This new year is off to a very fine start. The sun is shining brightly in East Texas. I’m reading a very interesting book. And football will come into the mix when the Baylor Bears play in the Fiesta Bowl.
The book is Biography as Theology: How Life Stories Can Remake Today’s Theology, written by James Wm. McClendon, Jr., and published by Abingdon in 1974. McClendon, now deceased, highlighted the importance of character in the shaping of one’s life. After so much talk about how to make ethical decisions, McClendon said simple formulas could not tell the entire tale.
Without getting too deep in the weeds, I want to share some highlights from McClendon’s words first chapter about character and the convictions that form it.
Character can be good or bad, but having good character is “one precondition of making responsible choices.” (30)
“To have character . . . is to enter at a new level the realm of morality, the level at which one’s person . . . is intimately involved in one’s deeds. By being the persons we are, we are able to do what we do, and conversely, by those very deeds we form or re-form our own characters. . . . Thus, character is paradoxically both the cause and consequence of what we do.
“It is most important here to recognize that character, though by definition deep-seated, is not necessarily rigid or unchangeable. A man’s character is formed by the way he sees things, by his vision, we say. It is shaped by the way he does things, by his style. It is coincident with his deepest and most dearly held beliefs, his convictions.” (30-31)
We must forgive McClendon the lack of gender-inclusive language because of the time of the book’s publishing, for this surely applies to all people.
He then makes an insightful point by saying an ethic based on character is “suited” to both education and evangelism. These activities are “desirable” because “character need never be permanently fixed,” and, therefore, education and evangelism are “possible.” (32)
In other words, since character always is capable of being improved or developed then education and evangelism can indeed make a difference in lives. This is one place where the Baptist in McClendon comes out.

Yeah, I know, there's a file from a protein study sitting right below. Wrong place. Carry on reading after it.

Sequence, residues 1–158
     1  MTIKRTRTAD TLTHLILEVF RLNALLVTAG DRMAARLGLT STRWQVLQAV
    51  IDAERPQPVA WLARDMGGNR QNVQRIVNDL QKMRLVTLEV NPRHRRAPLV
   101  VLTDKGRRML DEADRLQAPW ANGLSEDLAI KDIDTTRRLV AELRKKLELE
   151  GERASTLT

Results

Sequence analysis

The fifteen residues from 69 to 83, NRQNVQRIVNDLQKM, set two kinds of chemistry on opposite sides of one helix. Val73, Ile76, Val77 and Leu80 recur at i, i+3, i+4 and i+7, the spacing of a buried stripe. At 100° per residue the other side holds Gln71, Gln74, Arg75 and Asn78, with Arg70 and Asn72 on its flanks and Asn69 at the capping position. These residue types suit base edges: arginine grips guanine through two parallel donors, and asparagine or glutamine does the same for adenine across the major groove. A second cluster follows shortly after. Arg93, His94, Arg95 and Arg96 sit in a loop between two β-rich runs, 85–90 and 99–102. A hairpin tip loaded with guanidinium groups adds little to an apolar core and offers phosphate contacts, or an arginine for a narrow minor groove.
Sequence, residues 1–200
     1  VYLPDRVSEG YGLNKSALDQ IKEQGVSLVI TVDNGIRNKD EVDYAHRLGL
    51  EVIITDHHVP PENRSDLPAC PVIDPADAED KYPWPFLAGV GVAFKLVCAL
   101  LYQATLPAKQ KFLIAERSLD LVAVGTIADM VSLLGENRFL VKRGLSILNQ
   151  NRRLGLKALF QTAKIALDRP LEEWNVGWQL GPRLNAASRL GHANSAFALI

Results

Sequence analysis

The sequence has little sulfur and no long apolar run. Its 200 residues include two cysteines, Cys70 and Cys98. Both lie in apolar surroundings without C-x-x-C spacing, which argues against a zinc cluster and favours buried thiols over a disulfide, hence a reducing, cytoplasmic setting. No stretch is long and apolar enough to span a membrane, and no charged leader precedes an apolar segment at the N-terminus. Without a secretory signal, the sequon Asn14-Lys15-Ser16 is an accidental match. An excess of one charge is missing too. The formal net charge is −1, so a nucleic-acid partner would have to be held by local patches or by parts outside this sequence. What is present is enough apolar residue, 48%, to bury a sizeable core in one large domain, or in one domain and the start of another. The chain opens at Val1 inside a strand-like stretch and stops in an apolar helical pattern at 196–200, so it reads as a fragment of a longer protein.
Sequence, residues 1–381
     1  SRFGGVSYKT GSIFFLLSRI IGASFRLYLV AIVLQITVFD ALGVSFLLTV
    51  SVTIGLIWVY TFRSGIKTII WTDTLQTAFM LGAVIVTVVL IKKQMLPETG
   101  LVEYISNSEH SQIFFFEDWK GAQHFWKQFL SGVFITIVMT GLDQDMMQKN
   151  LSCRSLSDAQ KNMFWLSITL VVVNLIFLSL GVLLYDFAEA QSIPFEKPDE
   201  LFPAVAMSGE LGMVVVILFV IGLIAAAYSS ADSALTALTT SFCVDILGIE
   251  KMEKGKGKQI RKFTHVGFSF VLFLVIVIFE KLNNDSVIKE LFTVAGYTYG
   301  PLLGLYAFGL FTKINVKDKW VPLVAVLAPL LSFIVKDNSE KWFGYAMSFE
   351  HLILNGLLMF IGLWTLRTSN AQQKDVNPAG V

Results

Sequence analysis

But he is the best kind of Baptist (or baptist, as he liked to say) because he sees beyond the individual. Character ethics does not “foster a whimsical and privatistic approach to morality.” He actually prefers to call his approach “ethics of character-in-community.” (32) Communities impact individuals, and individuals impact their communities.
Convictions are “integral to character,” McClendon said. He defines convictions as “those tenacious beliefs which when held give definiteness to the character of a person or of a community, so that if they were surrendered, the person or community would be significantly changed. . . . [W]hen we find our convictions, we find the best clue to ourselves.” (34)
I love that last sentence. The Baby Boomer generation, of which I am a part, was constantly saying we wanted to find ourselves at about the same time McClendon was writing these words. It always seemed a bit shallow and stupid to me; maybe it’s because I held to the convictions I had been taught–Christian ones–while many of those in my generation had either rejected theirs or didn’t find ones they deemed appropriate to their individual and community reality.
“Now it must be that an ethics of character will be concerned with convictions, for to have convictions is to have at least that much character. . . . For as men are convinced so they will live. And similarly with convinced communities.” (35)